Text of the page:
One day, more advanced equipment will be available to first responders throughout the nation with help from input by sheriffs and their personnel who recently returned from a trip to Israel, Utah County Sheriff Jim Tracy says.
Tracy and sheriff's Sgt. Skip Curtis spent one week in September, with more than three dozen other sheriffs and their personnel, traveling throughout a nation that regularly sees the tragedies of terrorism.
The trip, sponsored by the National Sheriffs' Association, was a fact-finding mission as well as a chance to look at systems in place in Israel that may be adaptable to homeland security issues this nation may see in the future, Tracy said.
In many ways, the trip was reassuring because agencies in Utah County are working on some things already in place in Israel, he said.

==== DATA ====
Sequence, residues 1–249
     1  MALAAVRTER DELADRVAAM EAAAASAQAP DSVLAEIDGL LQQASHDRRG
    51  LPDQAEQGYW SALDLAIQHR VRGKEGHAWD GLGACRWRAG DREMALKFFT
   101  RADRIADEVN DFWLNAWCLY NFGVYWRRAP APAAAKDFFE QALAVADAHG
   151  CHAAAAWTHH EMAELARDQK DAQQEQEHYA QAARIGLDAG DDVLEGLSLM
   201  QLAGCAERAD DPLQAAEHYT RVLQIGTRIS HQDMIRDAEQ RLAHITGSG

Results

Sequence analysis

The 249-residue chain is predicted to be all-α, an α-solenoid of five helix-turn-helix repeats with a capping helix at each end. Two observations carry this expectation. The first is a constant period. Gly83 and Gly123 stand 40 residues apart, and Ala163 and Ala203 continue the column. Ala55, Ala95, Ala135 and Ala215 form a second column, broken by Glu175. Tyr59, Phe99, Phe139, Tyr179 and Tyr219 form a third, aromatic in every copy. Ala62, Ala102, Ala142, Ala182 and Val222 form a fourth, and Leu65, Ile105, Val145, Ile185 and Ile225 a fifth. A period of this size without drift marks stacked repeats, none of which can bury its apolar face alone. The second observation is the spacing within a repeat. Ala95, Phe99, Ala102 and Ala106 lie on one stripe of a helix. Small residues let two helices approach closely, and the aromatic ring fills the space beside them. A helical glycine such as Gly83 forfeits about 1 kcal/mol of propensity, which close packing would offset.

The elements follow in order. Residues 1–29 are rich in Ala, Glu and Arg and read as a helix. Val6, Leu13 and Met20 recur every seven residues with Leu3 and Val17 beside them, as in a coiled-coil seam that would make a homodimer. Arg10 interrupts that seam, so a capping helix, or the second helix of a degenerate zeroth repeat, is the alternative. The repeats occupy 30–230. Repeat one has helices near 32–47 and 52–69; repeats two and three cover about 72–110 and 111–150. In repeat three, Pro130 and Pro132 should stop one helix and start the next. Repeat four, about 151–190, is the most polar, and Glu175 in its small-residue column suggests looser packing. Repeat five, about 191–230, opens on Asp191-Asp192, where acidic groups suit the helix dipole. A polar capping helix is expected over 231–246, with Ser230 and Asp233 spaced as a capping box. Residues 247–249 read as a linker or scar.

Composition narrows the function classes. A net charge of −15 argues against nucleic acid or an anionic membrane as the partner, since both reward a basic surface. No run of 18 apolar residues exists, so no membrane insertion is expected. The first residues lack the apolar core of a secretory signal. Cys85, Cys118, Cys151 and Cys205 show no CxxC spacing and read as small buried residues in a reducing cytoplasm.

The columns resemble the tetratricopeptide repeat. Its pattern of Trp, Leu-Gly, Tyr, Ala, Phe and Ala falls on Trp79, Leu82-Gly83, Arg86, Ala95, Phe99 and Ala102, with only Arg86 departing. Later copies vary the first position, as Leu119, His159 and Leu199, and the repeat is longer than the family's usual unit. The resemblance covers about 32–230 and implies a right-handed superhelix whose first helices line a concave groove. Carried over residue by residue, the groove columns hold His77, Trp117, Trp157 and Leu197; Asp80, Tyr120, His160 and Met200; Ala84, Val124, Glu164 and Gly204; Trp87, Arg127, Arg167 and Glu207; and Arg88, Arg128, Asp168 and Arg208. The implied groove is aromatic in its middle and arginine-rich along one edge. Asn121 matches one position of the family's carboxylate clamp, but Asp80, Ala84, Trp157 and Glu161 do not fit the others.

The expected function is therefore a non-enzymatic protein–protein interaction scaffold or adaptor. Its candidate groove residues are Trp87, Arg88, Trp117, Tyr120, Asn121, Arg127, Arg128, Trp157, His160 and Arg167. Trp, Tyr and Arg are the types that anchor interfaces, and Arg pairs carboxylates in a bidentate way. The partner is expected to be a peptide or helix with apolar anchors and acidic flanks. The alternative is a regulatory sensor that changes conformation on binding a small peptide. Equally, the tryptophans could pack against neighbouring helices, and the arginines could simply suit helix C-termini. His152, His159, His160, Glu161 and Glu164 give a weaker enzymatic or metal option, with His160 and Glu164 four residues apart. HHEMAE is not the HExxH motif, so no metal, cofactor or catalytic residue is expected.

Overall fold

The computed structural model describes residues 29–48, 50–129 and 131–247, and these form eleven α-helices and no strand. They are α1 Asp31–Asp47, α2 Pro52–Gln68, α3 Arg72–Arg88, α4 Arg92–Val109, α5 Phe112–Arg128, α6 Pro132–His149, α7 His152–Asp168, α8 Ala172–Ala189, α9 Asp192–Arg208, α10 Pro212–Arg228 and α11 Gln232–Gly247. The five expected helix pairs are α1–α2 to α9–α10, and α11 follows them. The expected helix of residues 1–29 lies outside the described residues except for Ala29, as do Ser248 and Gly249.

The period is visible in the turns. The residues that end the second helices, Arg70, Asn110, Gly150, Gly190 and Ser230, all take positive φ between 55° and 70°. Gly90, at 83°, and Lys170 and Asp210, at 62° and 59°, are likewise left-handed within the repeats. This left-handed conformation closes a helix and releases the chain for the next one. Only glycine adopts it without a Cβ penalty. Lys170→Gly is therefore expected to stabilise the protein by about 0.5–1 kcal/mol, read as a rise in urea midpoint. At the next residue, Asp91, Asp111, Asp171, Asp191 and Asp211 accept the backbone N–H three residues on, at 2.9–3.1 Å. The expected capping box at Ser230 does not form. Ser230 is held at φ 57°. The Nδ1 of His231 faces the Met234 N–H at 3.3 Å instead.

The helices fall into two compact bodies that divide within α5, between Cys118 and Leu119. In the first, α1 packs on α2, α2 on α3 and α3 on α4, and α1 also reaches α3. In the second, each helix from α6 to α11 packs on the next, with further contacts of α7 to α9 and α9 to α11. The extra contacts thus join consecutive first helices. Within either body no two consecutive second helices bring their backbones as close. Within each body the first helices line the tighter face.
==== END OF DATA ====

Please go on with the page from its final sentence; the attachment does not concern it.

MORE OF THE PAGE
But, the sheriffs and their personnel also saw more advanced weapons and systems than those available in the United States, Tracy said, adding America is behind when it comes to such equipment for the nation's first responders.
Tracy said he would like to see the equipment developed nationally and made available to local
agencies through homeland security grants.
'We will take this back to the Department of Justice,' said Tracy, who is a member of the National Sheriffs' Association committee on weapons of mass destruction and homeland security, to see what may be the best way to develop the weapons and systems for agencies in the United States.
The sheriffs and their people received several classified briefings during their trip. They looked at port security as well as internal surveillance systems -- the camera infrastructure with ready response capability.
Israel's advanced equipment includes high-tech modifications to camera systems and a gun that can shoot around corners.
The equipment could be used to prevent or deal with a terrorist attack in America -- the threat of which is still real -- or other events.
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